2011 Copa Libertadores Finals

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2011 Copa Libertadores de América Finals
Event 2011 Copa Libertadores de América
on aggregate
Santos won on points 4–1.
First leg
Date June 15, 2011
Venue Estadio Centenario, Montevideo
Man of the Match Durval
Referee Carlos Amarilla (Paraguay)
Attendance 65,000
Second leg
Date June 22, 2011
Venue Estádio Municipal Paulo Machado de Carvalho (Pacaembu), São Paulo
Man of the Match Arouca
Referee Sergio Pezzotta (Argentina)
Attendance 40,200
2010
2012

The 2011 Copa Libertadores de América Finals were the final two-legged tie that decided the winner of the 2011 Copa Libertadores de América, the 52nd edition of the Copa Libertadores de América, South America's premier international club football tournament organized by CONMEBOL. The matches were played on June 15 and 22, 2011 between Brazilian club Santos and Uruguayan club Peñarol. Santos made their 4th finals appearance and 1st since 2003. Peñarol made their 10th finals appearance, and first since 1987. The two teams had previously met in the finals in 1962. Santos won the cup after beating Penarol 2-1 in the second leg of the final.[1][2][3]

Qualified teams[edit]

Team Previous finals appearances (bold indicates winners)
Uruguay Peñarol 1960, 1961, 1962, 1965, 1966, 1970, 1982, 1983, 1987
Brazil Santos 1962, 1963, 2003

Background[edit]

The final was contested by Brazilian side Santos and Peñarol of Uruguay, a historic repeat of the 1962 finals disputed by legendary players such as Pelé, Alberto Spencer, Gilmar, Juan Joya, Mauro, José Sasía, Mengálvio, Pedro Rocha, Coutinho, Juan Lezcano, and Pepe, with Lula coaching the Santistas and Béla Guttmann directing the Carboneros.[4][5] This final is also the first between Brazilian and Uruguayan clubs since the 1983 finals in which Peñarol was dethroned by Grêmio. The venues for the finals is the Estadio Centenario in Montevideo and the Estádio Municipal Paulo Machado de Carvalho (Pacaembu) of São Paulo. Rodrigo Possebon, an Italian player of Santos, became the first European player to participate in a Copa Libertadores finals.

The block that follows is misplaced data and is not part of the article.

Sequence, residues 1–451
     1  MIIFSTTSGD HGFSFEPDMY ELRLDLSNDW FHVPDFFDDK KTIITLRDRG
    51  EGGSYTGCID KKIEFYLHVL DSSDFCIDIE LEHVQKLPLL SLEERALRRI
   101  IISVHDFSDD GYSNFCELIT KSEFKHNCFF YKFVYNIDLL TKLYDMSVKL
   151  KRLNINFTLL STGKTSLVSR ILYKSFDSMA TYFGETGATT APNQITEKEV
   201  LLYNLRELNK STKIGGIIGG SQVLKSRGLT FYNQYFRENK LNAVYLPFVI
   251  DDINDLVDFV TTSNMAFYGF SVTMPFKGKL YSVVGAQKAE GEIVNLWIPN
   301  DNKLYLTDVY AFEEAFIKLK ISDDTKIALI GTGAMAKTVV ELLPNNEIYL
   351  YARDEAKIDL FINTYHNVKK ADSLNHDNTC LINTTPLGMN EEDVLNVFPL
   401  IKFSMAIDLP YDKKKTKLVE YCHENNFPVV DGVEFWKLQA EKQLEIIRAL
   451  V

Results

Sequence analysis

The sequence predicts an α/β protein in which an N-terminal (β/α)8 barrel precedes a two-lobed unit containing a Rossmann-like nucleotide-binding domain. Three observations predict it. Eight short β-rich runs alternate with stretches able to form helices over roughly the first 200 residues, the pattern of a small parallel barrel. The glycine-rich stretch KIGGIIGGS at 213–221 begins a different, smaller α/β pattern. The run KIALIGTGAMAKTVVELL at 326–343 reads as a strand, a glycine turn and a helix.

Both teams entered the competition having won it previously, Santos in 1962 and 1963; Peñarol in 1960, 1961, 1966, 1982 and 1987. To reach the final, in the knockout phase Santos beat América, Once Caldas and lastly Cerro Porteño, while Peñarol dethroned defending champion Internacional, beat Universidad Católica and overcame Vélez Sársfield. Santos entered the competition as champions of their domestic cup (the 2010 Copa do Brasil) while Peñarol participated as domestic league winner (winning the 2009–10 Primera División).

The winners would earn the right to represent CONMEBOL at the 2011 FIFA Club World Cup, entering at the semifinal stage. They would also play against the winners of the 2011 Copa Sudamericana in the 2012 Recopa Sudamericana.

Road to the finals[edit]

For more details on this topic, see 2011 Copa Libertadores.
Brazil Santos Round Uruguay Peñarol
Opponent Venue Score Opponent Venue Score
Bye First stage Bye
Venezuela Deportivo Táchira Away 0–0 Second stage Argentina Independiente Away 3–0
Paraguay Cerro Porteño Home 1–1 Argentina Godoy Cruz Away 1–3
Chile Colo-Colo Away 3–2 Ecuador LDU Quito Home 1–0
Chile Colo-Colo Home 3–2 Ecuador LDU Quito Away 5–0
Paraguay Cerro Porteño Away 1–2 Argentina Godoy Cruz Home 2–1
Venezuela Deportivo Táchira Home 3–1 Argentina Independiente Home 0–1
Group 5 runner-up
Team Pld W D L GF GA GD Pts
Paraguay Cerro Porteño 6 3 2 1 13 8 +5 11
Brazil Santos 6 3 2 1 11 8 +3 11
Chile Colo-Colo 6 3 0 3 15 16 −1 9
Venezuela Deportivo Táchira 6 0 2 4 5 12 −7 2
Group 8 runner-up
Team Pld W D L GF GA GD Pts
Ecuador LDU Quito 6 3 1 2 12 4 +8 10
Uruguay Peñarol 6 3 0 3 6 11 −5 9
Argentina Independiente 6 2 2 2 7 8 −1 8
Argentina Godoy Cruz 6 2 1 3 8 10 −2 7
Mexico América Home 1–0 Round of 16 Brazil Internacional Home 1–1
Away 0–0 Away 1–2
Colombia Once Caldas Away 0–1 Quarterfinals Chile Universidad Católica Home 2–0
Home 1–1 Away 2–1
Paraguay Cerro Porteño Home 1–0 Semifinals Argentina Vélez Sársfield Home 1–0
Away 3–3 Away 2–1

Rules[edit]